Djokovic's stamina
There's a real problem here. About mid way through the third, Djoko shows signs of tiredness. By the end, its more pronounced. Its a tough match, but wouldn't expect the 22 year old, world number 3 to be gassed this easily. I think it was the following year he made changes to his diet and improved his physical fitness. Good move, he needed it

Summing up, tough baseline match with power hitting more on show than placement. Federer holds even on the former and slips into his locker for brilliant flashes of the latter when he chooses to. For a balanced showing against a tough opponent, not far off from his best
 

Waspsting

Hall of Fame
Thanks, guys

I bet it takes a lot of time to create such threads :cool:
Taking the stats takes a little longer than playing time... all the playing time + few rewinds to have a second look to judge if an error was forced or unforced, a serve was a body serve of not, whether movement on a return is enough to justify calling it a runaround etc.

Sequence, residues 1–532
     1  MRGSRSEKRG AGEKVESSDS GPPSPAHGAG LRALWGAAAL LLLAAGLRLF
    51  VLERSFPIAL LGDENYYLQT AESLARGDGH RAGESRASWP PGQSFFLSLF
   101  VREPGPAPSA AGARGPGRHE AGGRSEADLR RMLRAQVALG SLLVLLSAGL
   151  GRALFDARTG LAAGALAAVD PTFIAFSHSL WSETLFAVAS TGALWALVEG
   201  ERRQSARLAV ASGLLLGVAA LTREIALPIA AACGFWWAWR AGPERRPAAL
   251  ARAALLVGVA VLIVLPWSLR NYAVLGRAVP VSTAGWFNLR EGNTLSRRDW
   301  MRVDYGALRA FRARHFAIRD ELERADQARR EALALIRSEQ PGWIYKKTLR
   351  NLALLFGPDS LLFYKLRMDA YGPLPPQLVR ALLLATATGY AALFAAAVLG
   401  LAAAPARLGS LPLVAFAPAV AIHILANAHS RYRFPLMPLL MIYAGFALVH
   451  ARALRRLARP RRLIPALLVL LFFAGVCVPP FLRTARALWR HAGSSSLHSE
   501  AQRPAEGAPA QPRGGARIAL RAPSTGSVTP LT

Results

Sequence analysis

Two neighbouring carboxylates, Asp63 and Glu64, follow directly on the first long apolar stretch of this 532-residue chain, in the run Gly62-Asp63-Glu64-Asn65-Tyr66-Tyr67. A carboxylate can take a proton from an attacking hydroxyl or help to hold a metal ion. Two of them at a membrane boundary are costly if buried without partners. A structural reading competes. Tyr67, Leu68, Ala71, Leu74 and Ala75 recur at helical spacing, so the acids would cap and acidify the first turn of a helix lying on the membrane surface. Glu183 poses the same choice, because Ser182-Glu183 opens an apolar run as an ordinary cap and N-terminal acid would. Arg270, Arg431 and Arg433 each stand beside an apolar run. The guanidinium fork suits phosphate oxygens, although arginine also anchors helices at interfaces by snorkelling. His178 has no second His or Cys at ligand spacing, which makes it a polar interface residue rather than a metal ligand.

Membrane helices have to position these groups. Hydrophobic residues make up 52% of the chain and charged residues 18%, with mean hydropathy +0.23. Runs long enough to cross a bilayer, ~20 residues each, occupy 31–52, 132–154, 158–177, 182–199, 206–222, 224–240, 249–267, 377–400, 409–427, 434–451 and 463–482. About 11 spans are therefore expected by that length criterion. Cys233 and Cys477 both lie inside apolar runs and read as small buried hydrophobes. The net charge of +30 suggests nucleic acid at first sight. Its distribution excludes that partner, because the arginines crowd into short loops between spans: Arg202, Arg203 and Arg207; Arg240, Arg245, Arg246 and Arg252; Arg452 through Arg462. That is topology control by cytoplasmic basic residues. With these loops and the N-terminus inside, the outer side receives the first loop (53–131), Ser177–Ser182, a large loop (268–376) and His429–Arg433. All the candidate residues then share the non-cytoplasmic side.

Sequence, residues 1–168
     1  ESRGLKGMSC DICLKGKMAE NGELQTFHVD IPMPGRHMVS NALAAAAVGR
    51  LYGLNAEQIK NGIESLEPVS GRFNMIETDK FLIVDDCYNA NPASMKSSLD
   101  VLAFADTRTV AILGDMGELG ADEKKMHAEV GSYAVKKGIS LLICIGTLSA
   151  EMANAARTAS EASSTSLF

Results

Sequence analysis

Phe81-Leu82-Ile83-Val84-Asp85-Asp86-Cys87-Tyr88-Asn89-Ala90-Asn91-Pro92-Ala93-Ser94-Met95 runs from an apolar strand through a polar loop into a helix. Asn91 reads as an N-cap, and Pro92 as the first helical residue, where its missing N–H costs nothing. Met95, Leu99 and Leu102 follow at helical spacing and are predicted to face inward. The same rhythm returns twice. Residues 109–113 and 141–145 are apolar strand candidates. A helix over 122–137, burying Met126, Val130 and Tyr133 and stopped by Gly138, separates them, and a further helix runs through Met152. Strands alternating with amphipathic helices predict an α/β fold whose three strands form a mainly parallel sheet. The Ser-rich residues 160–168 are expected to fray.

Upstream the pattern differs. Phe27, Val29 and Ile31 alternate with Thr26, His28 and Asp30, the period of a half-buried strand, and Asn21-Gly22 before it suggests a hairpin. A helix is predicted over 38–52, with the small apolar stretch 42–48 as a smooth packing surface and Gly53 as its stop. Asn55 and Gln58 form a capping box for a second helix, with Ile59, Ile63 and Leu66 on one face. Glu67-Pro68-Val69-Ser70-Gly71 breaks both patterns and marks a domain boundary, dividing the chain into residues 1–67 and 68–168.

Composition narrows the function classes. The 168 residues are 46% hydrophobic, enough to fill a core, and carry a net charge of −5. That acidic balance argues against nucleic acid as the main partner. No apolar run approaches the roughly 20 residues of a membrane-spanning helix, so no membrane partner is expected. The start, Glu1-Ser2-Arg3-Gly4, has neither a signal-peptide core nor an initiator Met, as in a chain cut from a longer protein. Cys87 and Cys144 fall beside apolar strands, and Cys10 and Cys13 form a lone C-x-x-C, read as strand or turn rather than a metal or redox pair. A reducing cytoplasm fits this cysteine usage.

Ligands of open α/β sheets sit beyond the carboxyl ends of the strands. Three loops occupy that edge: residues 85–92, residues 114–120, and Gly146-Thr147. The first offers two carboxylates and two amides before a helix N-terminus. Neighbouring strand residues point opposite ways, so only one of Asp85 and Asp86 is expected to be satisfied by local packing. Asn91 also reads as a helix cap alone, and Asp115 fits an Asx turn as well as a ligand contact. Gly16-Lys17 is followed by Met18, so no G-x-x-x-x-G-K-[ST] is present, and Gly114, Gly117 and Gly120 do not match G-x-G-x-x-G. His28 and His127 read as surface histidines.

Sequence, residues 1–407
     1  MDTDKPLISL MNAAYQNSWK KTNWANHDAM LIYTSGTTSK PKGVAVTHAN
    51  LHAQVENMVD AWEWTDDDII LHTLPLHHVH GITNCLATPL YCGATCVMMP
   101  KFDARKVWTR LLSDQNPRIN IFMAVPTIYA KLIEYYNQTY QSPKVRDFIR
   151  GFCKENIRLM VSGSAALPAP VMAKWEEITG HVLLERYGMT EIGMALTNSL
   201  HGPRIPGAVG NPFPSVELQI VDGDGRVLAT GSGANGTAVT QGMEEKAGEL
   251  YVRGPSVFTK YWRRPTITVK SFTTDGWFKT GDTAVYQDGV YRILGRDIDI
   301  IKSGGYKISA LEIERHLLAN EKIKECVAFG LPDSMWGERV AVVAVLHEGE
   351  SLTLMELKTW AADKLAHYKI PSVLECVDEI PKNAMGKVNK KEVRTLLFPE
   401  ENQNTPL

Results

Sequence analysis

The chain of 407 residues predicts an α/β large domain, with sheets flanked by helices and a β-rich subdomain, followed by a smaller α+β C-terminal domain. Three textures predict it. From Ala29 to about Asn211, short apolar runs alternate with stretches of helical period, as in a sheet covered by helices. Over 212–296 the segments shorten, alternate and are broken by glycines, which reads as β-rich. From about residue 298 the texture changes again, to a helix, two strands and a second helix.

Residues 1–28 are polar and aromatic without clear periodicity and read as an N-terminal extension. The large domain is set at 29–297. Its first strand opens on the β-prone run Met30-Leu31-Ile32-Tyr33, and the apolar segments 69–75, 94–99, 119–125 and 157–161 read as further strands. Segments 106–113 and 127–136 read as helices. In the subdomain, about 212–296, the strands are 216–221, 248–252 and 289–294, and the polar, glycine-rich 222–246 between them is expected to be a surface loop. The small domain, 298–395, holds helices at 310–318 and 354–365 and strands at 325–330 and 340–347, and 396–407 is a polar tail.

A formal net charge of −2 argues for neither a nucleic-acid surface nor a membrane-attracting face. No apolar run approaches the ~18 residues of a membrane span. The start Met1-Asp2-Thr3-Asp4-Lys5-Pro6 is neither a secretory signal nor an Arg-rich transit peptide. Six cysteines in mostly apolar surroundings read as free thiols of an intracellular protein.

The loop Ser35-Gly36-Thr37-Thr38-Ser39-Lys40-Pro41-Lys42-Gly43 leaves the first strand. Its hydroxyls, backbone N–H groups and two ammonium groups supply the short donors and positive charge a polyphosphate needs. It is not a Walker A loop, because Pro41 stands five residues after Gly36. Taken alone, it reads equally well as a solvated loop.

This era's matches are the easiest for that with all the baseline stuff - and probably because my eyes are attuned to it more

Organizing the stats takes care. If I mark something wrong, the final numbers don't add up and I have to go look for where its off

I do watch with more concentration than when not taking stats... and long matches can be mentally taxing

I'll tell you one effect strange, side effect of taking stats related to the pace players play at

I'm not the biggest fan of slow pokes, but they're easier to stat because they leave comfortable time to jot everything down between points. Lendl, Djokovic, Nadal are good

Agassi is a pain... have to pause after every point

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tweeners all any of us remember for good reason but I think the slightly broader wrap up would be high quality finishing from Federer

Last 2 points of first set - runaround FH cc return winner and FH drop shot winner
Last 3 points second set - FH cc winner, Djokovic FE at net and FH inside-out winner (the middle point was a fluke, admittedly)
Last 2 points third set - the tweener pass and runaround FH return inside-in winner

How often do you see all sets finished with a highlights reel like this? Made more remarkable because its all in the context of overall action being about consistency, not shot making like the points in question